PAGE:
Future Web Domains Could End In .Anything Imaginable

Dennis Faas's picture

The Internet Corporation for Assigned Names and Numbers (ICANN), an entity that oversees the online address system, recently approved a motion that would allow the standard eighteen suffixes to be joined with any other ending from .a to .z. For example, those wanting to research the history of Mickey Mouse might visit a website ending in '.disney.'

The possibilities are seemingly endless, which is concerning a number of people.

If you are anything like me, you sometimes find it difficult to remember if a particular website ends with a '.com,' '.net,' or '.org.' Now the trouble with accurate suffixes is about to be exasperated beyond compare, as websites look to include any domain imaginable.

Online Scammers to Cash in on Domain Names

The first problem associated with this "landmark change" is that the '.com' brand was once the only suffix choice available during the Internet's early years. The assumption now is that people will attempt to pursue a '.com' website before other options. (Source: wusa9.com)

This creates opportunities for scammers looking to mislead the online world through cyber squatting.

The High Cost of Product Protection

If companies want to enforce their trademark rights, it could be a costly endeavor.

It is estimated that companies spend "hundreds of thousands of dollars" in imposing copyright infringement protection. If this is done on a grand scale, say by registering thousands of website names associated with their brand, there will not be enough hours in the day or money in the world to go after every online deviant.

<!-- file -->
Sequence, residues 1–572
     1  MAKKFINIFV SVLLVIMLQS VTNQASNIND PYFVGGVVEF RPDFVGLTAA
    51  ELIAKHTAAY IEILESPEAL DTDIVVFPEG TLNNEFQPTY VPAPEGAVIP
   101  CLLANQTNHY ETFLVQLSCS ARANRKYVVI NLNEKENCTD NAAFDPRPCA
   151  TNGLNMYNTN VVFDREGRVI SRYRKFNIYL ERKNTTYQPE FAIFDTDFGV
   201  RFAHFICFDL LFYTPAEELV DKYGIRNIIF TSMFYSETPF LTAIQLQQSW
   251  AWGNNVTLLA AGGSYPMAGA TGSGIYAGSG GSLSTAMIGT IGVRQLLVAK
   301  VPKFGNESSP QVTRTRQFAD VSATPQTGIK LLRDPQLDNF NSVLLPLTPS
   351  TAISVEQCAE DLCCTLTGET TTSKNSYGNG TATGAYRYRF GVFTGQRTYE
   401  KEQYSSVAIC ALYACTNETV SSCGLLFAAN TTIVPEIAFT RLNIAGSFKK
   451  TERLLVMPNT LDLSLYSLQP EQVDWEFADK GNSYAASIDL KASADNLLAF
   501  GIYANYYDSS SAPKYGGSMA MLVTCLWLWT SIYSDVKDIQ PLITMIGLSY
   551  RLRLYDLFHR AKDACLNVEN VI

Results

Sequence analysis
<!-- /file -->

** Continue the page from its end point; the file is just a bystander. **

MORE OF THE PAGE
To ward off rivals, companies might want to consider controlling a new generic domain like '.bread' or '.milk.' However, this too will be a costly endeavor. The current proposed application fee will have companies paying $185,000 plus an annual "continuance" fee of $25,000 for control of a generic domain. If more than one company wants a particular suffix, it could go to the highest bidder. (Source: usatoday.com)

While it might be a good idea in the future for companies to have a product-specific domain, the concept is still relatively new and foreign to the purchasing public. To incur maximum revenue and online traffic to their websites, look for most companies to stick with the '.com' suffix, at least for the time being.

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